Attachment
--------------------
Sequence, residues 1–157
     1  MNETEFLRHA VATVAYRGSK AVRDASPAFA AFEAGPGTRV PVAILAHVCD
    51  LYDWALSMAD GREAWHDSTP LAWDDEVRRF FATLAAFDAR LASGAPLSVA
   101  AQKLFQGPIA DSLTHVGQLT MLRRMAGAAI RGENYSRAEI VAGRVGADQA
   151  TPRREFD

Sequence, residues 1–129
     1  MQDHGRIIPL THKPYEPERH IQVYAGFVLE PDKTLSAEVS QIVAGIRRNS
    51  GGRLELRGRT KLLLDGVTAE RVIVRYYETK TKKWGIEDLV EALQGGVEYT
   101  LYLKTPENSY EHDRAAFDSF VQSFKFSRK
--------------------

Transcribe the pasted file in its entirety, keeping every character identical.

Sequence, residues 1–157
     1  MNETEFLRHA VATVAYRGSK AVRDASPAFA AFEAGPGTRV PVAILAHVCD
    51  LYDWALSMAD GREAWHDSTP LAWDDEVRRF FATLAAFDAR LASGAPLSVA
   101  AQKLFQGPIA DSLTHVGQLT MLRRMAGAAI RGENYSRAEI VAGRVGADQA
   151  TPRREFD

Sequence, residues 1–129
     1  MQDHGRIIPL THKPYEPERH IQVYAGFVLE PDKTLSAEVS QIVAGIRRNS
    51  GGRLELRGRT KLLLDGVTAE RVIVRYYETK TKKWGIEDLV EALQGGVEYT
   101  LYLKTPENSY EHDRAAFDSF VQSFKFSRK